For students using ISG services our service level is as consistent across all of our learning technologies as we can make it. Replay recordings will be made available in a closed VLE environment, alongside eReserve texts from the library, PDF and Word documents, lecture slides etc. Any of these digital artefacts can be requested in an alternative format as part of supporting reasonable adjustments. In the case of the lecture recording this could be supplying a transcript or subtitles. For other artefacts it could be supplying in a larger font, or converting written text into audio format. We don’t pre-judge what the required adjustment might be in any of these cases.
With regard to transcripts/subtitles specifically:
Our experience is that automated speech to text although improving, is not fully there yet. And costs remain prohibitive, so transcripts or subtitles are not automated in the lecture recording system.
Specialist language in lectures remain tricky and are often subtitled badly. It is also difficult for the transcription to discern whether the lecturer is quoting, reading, muttering or joking. The kind of ‘performance’ and content some of our colleagues deliver would need a highly nuanced translation. All UK HE struggles with this challenge and colleagues are anxious that their speech is not misrepresented by a poor quality subtitle which might be more confusing for learners.
Even supposed ‘100% accurate human-mediated subtitling’ is not 100% and often requires a proof-read or edit from the speaker. In some cases colleagues are willing to take on this extra work, for others it is seen as a major barrier.
That said, we have purchased, as part of our bundle, 100 hours of human-mediated subtitling and transcripts ( 99% accurate) and 900 hours of machine speech to text ( approx. 70% accurate). The current planned use cases for this would be:
• where profoundly deaf students request a transcript;
• where the recordings are not a substitute, but in fact a primary delivery mechanism (e.g distance learning);
• where colleagues are publishing and sharing recordings of their lectures publicly online as open educational resources.
• Where a student with mobility difficulties has been unable to access the venue.
As part of the policy consultation over the coming year we may be able to encourage colleagues to make audio and video recordings downloadable so that students can use their own technology to make transcripts.
For the future:
If, as a result of scaling up recording, we find there is a large additional requirement for transcripts we have a number of options:
• If the institutional commitment to spending is there, we can integrate the third party supplier of our choice. For 50,000 hours of recordings each semester that would be approx $3m per semester.
• We can retain more high quality transcription services. This may need to be recharged to Schools to recover costs – capping costs would be difficult
• We can look into involving more colleagues in using their personalised, trained ‘speech to text’ tools to create transcripts.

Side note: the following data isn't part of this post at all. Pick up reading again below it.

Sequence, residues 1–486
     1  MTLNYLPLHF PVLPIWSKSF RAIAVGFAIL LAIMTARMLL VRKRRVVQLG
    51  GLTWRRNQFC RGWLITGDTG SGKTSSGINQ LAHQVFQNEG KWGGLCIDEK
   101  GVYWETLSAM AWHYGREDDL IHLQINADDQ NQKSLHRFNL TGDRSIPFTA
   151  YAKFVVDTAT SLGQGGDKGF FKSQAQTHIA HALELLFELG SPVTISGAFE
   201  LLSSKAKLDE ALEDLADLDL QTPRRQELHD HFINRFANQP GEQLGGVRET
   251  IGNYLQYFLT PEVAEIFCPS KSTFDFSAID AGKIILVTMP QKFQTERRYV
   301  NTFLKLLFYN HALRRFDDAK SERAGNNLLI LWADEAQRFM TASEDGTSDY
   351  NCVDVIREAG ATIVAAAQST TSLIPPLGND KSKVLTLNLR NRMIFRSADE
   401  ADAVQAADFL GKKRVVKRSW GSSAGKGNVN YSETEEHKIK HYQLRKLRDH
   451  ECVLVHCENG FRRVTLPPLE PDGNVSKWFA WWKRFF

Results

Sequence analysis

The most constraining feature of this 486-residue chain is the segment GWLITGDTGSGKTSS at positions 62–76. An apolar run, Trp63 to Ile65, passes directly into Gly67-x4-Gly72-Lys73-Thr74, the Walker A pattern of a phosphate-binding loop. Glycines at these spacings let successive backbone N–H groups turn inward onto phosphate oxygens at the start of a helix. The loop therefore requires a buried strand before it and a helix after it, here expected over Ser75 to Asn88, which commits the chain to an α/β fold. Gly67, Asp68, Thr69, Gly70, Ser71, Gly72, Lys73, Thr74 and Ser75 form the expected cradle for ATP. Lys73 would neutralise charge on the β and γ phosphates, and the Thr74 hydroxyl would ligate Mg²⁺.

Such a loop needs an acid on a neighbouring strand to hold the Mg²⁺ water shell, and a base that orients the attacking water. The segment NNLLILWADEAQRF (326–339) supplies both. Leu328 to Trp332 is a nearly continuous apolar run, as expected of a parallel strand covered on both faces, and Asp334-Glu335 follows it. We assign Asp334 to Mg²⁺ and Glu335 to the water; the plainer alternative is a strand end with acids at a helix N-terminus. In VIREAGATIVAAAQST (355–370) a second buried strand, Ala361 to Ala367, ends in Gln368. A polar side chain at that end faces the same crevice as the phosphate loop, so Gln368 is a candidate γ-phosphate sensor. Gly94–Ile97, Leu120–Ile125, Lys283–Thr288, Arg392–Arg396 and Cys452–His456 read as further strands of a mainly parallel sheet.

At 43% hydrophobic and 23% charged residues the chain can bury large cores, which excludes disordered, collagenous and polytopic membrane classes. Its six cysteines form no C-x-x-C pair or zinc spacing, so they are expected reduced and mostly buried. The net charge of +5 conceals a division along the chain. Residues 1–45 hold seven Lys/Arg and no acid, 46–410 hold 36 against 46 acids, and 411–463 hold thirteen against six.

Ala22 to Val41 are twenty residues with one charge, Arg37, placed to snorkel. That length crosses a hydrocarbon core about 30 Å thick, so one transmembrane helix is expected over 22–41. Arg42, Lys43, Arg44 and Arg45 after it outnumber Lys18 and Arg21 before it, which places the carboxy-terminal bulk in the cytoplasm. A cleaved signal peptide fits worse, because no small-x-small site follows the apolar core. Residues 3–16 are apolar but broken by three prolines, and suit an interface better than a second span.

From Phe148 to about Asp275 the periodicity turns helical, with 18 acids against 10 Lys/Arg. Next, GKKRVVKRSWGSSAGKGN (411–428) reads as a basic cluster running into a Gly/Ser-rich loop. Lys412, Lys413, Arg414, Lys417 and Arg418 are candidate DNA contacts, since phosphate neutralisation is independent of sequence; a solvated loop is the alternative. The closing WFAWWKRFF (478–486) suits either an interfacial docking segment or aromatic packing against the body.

• We are working with colleagues in Informatics to stay aware of the most up to date speech to text technologies.
• We can spend much less than $3m per semester paying students an hourly rate to transcribe lectures in their discipline.
I’m on there, here’s my podcasts and ebooks. They include a recorded talk about my research on the student digital experience and 5 years of blog posts available as an ebook.
In April this year I was delighted to welcome one of Oxford’s top podcasters, Dr Emma Smith to keynote at OER16. I first met Emma around the time we were launching Oxford on ItunesU. She is a Fellow of Hertford College and Professor of Shakespeare Studies. She was one of the first academic colleagues to champion the use and creation of OER at University of Oxford through her involvement in the Jisc funded Open Spires and Great Writers Inspire projects. Her OER licensed lectures reach an international audience and she continues to produce, publish and share cultural resources online.
After some early Jisc funding in 2009 Oxford’s podcasts collection quickly became one of the largest growing collections of openly licenced university lectures online. Oxford podcasts have published nearly 10,000 thousand audio and video items. 50% of this content is CC licenced. It includes 6,000 individual speakers and presenters. More than 23 million episodes have been downloaded. 10 million episodes have been streamed.
Emma was one of the first of the Oxford podcasters and the first major contributor to record podcasts herself. She has published 48 episodes which are part of 7 different series. Her biggest successes are ‘Approaching Shakespeare’ and ‘Not Shakespeare’.
Approaching Shakespeare has had more that 500,000 thousand downloads and regularly features in the itunesU global top ten.
Emma’s podcasts are only a small part of her work, but whenever I hear discussions about open academic practice I think of colleagues like Emma at Oxford who share so generously, but always with a wise, and enquiring eye to what might happen as a result.
Writing this post is reminding me of the connection between podcasting, recording and lecture capture…..ing,